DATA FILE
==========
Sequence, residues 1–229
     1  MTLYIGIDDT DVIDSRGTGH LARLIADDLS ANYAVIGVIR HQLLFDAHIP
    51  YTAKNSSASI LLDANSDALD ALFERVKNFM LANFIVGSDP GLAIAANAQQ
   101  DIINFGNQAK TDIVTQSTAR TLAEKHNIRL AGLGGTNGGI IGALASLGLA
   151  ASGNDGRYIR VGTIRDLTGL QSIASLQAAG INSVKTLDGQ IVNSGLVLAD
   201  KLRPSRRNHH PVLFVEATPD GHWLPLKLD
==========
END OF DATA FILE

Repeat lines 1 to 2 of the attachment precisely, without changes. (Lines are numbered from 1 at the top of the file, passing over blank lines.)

Sequence, residues 1–229
     1  MTLYIGIDDT DVIDSRGTGH LARLIADDLS ANYAVIGVIR HQLLFDAHIP